Weeks of Terror, Raids and Clashes Did Not Deter ‘East and West’ From Breaking the Fast Together
Artists and friends from all corners of Jerusalem and beyond gather for an intimate iftar celebration at the Ibdaa School for the Arts
The Ibdaa School of the Arts, the first Palestinian visual and performing arts school, hosted an iftar (Ramadan break-fast meal) for guests from East and West in Jerusalem’s Sheikh Jarrah neighborhood.
Only five years old, the school serves students between the ages of 14 and17, Elise Bernhardt, founder and director of the Jerusalem International Fellows residency program for performing artists, choreographers, visual artists, architects and urban planners from around the world, told The Media Line.
Bernhardt and Elana Ben-Haim, the programs manager of Jerusalem International Fellows, excitedly welcomed guests of all languages and backgrounds as they walked through the door. In March, four artists arrived from India, Mexico, Brazil, and the United States, respectively, for the new program’s pilot 10-week residencies in Jerusalem.
The program provides a space for global artists to collaborate with independent artists and organizations in both east and west Jerusalem. The goal, as stated on its website, is “to be a catalyst for interdisciplinary, cross-genre, cross-border conversations through creative collaboration; to expose and connect the burgeoning Jerusalem cultural eco-system to a worldwide creative network; for fellows to be invited to return to Jerusalem; and for fellows to return home with a deep and nuanced perspective on Jerusalem.”
Sofia Borges, a visual artist from Brazil, was the artist of focus during the iftar celebration. Tables were set in a “U” shape, facing a projector screen and Borges’ table, with her art hanging all around the room. After plates were filled with a delicious array of traditional Palestinian foods, the program began.
A talented student of the Ibdaa School of the Arts, introduced by Principal Melhem Amen Bader, stunned the crowd with a piano piece. It was an inspiring display of the work being done at the school.
Borges then took the stage to describe her personal art form and the program she is creating and implementing at the art school. Each resident is spending eight of their 10 weeks with a local host organization in Jerusalem. Borges is spending her time teaching and collaborating with the youth at the Ibdaa School.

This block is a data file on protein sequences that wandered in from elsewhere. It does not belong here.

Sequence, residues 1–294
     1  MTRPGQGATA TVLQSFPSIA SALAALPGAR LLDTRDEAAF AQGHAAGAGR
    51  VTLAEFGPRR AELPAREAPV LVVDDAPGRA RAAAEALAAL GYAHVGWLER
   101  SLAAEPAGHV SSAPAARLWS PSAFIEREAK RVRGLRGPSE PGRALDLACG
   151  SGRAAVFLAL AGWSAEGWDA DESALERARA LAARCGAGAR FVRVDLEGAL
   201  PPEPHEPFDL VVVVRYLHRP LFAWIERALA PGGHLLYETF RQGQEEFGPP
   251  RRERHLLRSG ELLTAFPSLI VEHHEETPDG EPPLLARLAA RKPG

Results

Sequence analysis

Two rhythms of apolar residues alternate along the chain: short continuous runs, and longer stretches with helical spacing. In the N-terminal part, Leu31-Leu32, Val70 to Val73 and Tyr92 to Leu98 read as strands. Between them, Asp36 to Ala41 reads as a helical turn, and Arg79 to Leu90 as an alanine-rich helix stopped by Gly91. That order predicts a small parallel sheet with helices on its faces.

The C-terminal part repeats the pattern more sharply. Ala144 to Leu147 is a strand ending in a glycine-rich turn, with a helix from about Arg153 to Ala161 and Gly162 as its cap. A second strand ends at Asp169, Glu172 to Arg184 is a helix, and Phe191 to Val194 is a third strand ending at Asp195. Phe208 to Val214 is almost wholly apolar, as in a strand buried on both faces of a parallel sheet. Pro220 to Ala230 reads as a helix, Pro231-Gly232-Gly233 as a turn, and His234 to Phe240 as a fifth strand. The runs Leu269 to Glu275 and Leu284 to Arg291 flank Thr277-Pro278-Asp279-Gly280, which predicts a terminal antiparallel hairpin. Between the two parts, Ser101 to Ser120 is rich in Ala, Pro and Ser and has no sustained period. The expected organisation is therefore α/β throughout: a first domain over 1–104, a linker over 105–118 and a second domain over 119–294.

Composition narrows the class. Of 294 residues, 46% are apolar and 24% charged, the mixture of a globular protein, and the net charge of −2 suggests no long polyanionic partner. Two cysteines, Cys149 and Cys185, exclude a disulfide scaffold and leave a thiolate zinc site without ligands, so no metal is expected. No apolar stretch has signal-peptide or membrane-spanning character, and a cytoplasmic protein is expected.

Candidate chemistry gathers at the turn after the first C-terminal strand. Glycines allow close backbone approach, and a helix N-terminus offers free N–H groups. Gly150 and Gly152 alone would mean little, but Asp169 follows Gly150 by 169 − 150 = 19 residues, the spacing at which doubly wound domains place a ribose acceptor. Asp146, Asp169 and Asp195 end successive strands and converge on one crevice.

Borges, an esteemed conceptual artist, shared her interest in the concepts of forming and of strength. She recognizes that youth are in a period of constant change, in their bodies, and for the youth in her program, in the city. She is helping the students understand who they are and the self-narratives they carry. Her goal is to take these “fossilized” ideas and stories of self, form them into images, and then express them through art. “Art is about expressing yourself,” Borges said.
The Brazilian artist shared that one of her big personal life lessons led to a breakthrough with the students.
“You can choose to be a victim, or you can choose to be strong,” she told the crowd.
Borges said that she is learning from the students while they are learning from her. They broke the mold of her preconceived ideas, and she is not ready to say goodbye. They are discussing and planning a longer, more extensive program with the arts school, she announced.
Bader closed out the night in gratitude and by quoting the late Professor Boris Schatz, founder of Jerusalem’s Bezalel Academy of Arts and Design, as saying the only way to bridge the gap is through art. “I feel this happening tonight,” Bader said.
Crystal Dunlap is an intern in The Media Line’s Press and Policy Student Program.